Labor Pumps Up The Volume Against SUNY Downstate Layoffs

August 9, 2012
By Joe Maniscalco

Union workers at SUNY Downstate Medical Center in Brooklyn staged their largest and loudest protest of the summer on Wednesday afternoon, hoping to at least forestall a new round of layoff notices that many fear will be devastating given the poor state of the economy.

“Yes, I’m definitely dreading the weekend [when layoff notices are expected to be sent out],” said six-year administrative assistant Joanne Fraser. “I have a child, a mortgage payment and school payments. If I lose my job, there goes my income.”

SUNY Downstate Medical Center is in the midst of a restructuring effort to help close budgetary shortfalls. But without help from Governor Andrew Cuomo, many workers fear that those efforts translate into being shoved onto the unemployment line.

“It’s a shame because we love SUNY Downstate,” said a member of the housecleaning staff who did not wish to be identified. “We’re sad to see anyone go.”

“We’re scared,” said another staffer who also did not wish to be identified. “No one wants to lose their job. You’ve got bills to pay and kids to take care of. It’s hard.”

Unlike demonstrations previously held outside SUNY Downstate earlier this summer – this one enjoyed the physical support of a host of local elected officials quick to point out the impact potential layoffs will have on the greater community.

“We cannot allow this hospital to deteriorate,” New York State Assemblymember Alan Maisel said. “We need every job here. When they cut jobs, they are cutting services. The more jobs they cut, the more difficult it is for this hospital to fulfill its mission.”

Vocal representatives and rank & file members from UUP, PEF, CSEA, SEIU and the New York State Nurses Association showed up in such force that hospital security had to scramble just to maintain a clear walkway to the entrance at 470 Clarkson Avenue.

“We are bracing for a second wave [of layoffs],” UUP Chapter President Rowena Blackman-Stroud said. “We understand that hundreds of our members – UUP members, PEF members, CSEA members – are going to get mailed notices over the weekend. We are going to continue to struggle to the end because we’re fighting for jobs, we’ve fighting for health care services and we’re fighting for the communities of Brooklyn.”

Thus far, the push back against looming layoffs at SUNY Downstate Medical Center has generated 7,000 signatures on a petition to be presented to Governor Cuomo – and an audit of the institution’s financial status from New York State Comptroller Thomas DiNapoli.  

A spokesperson for the comptroller declined to provide a timetable for when that audit – undertaken less than three weeks ago – might be completed. But said that audits typically take anywhere from six months to a year to complete – although there have been cases where audits have been expedited.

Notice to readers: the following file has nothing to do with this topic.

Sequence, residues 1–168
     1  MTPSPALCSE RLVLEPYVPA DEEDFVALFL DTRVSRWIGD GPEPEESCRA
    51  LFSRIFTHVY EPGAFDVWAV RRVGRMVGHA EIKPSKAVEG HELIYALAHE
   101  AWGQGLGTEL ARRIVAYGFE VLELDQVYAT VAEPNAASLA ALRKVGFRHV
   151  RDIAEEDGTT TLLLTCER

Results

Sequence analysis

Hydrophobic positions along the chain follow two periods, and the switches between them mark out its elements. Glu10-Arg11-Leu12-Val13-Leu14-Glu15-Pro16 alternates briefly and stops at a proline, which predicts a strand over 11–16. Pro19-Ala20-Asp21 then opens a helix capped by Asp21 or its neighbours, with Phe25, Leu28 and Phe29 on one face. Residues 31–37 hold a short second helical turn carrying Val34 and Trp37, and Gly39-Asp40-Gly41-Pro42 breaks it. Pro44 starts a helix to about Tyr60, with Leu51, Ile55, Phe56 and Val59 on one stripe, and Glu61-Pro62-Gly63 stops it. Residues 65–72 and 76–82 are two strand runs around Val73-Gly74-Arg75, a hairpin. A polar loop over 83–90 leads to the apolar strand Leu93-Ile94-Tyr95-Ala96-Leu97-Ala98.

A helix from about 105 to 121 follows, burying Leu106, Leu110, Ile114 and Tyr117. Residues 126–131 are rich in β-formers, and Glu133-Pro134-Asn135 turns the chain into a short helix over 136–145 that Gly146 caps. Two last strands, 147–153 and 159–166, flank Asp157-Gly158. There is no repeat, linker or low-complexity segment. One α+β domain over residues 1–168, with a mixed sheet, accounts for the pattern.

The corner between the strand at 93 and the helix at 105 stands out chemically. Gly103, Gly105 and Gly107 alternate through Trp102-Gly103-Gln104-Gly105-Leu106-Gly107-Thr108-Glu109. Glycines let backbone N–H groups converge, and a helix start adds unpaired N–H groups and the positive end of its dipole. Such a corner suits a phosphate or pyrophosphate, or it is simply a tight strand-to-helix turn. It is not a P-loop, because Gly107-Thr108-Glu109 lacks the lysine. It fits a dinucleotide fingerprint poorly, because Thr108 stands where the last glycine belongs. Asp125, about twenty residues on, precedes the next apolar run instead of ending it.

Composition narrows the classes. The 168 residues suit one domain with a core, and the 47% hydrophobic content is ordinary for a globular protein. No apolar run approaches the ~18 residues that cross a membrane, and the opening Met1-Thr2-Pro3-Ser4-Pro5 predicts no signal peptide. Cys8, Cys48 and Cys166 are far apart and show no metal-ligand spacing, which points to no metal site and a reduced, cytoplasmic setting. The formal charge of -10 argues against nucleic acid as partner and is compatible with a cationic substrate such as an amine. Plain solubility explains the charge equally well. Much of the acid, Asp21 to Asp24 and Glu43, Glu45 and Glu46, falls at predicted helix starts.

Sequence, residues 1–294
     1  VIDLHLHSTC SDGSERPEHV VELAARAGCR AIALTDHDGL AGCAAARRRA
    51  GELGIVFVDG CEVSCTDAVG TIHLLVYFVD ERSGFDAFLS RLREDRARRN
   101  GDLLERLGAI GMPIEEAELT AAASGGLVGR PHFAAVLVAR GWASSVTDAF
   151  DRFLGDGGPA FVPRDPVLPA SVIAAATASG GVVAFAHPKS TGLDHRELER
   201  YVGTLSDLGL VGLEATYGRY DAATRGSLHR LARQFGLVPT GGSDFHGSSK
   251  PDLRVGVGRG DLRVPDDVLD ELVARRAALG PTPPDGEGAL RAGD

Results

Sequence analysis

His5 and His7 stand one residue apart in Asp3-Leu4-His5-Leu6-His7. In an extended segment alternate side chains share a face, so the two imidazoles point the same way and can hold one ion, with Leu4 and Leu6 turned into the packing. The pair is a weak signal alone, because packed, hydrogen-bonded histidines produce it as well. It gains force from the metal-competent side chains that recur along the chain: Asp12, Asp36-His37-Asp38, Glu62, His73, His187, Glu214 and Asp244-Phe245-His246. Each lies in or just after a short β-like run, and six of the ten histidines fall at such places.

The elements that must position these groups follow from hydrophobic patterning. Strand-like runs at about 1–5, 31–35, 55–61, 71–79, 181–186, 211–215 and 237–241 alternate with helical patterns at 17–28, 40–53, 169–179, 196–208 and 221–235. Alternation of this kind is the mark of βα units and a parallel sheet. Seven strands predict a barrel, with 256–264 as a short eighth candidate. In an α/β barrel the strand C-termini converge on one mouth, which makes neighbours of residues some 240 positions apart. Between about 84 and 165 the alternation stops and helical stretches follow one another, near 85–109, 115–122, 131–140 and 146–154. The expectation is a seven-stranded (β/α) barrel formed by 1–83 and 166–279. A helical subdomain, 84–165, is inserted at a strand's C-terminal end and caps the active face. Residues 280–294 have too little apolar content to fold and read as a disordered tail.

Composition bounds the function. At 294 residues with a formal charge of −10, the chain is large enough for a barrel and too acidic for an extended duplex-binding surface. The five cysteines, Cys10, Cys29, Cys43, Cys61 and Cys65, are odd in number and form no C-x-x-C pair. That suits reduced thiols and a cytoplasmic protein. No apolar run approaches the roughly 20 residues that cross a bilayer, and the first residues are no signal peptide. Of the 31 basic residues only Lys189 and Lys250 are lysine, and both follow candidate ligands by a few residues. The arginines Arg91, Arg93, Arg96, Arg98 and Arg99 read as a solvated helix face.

Looking ahead to increased traffic and the opening of the Barclays Center in Downtown Brooklyn this fall, Rabbi Eli Cohen, executive director of the Crown Heights Jewish Community Council, denounced any cutbacks that might also necessitate services being transferred to other facilities.
“We don’t need to get caught in stadium traffic going to Downtown Brooklyn to get services,” Rabbi Cohen declared. “When a person is ill, they need to have their family to be able to come over in a few minutes to bring them what they need, give them support and make sure they are being treated.”

When asked, Ronald Najman, director of Communications and Special Projects for SUNY Downstate Medical Center insisted that “High quality patient care and medical education have always been and will remain our top priority,” but did not specifically say how that might be achieved with fewer hospital workers.

“The government has a moral responsibility to provide to people the best medical care possible,” City Councilmember Mathieu Eugene said. “And the only way for the government to do that is to save the jobs of the people who are working in health care.”

Assemblymember Nick Perry warned, “The worst thing you can have at a health care facility is understaffing.”

“You can’t cut jobs and not reduce services,” Assemblymember Perry said.

Members of the Brooklyn Delegation say they are working hard to convince Governor Cuomo to help supply funding for SUNY Downstate Medical Center and avert layoffs.

“We in the Assembly have met with the governor’s staff, we have met with SUNY, and we have talked about how important this is,” Assemblywoman Helene Weinstein said. “Just this past week we wrote to the governor reiterating how important this is. We will not rest until we can win this fight.”

Members of CSEA put elected officials on notice during the rally that they will only support those in office who support labor’s fight to avoid hospital layoffs.

Even with pink slips hanging over their heads and a general atmosphere of anxiety dominating the workplace, dedicated SUNY Downstate staffers at this week’s rally remained steadfast.

“Even though you’re anxious, you still have to go on,” Fraser said. “You can’t give up, and I think that’s why most of the people are out here – because they’re not ready to give up.”


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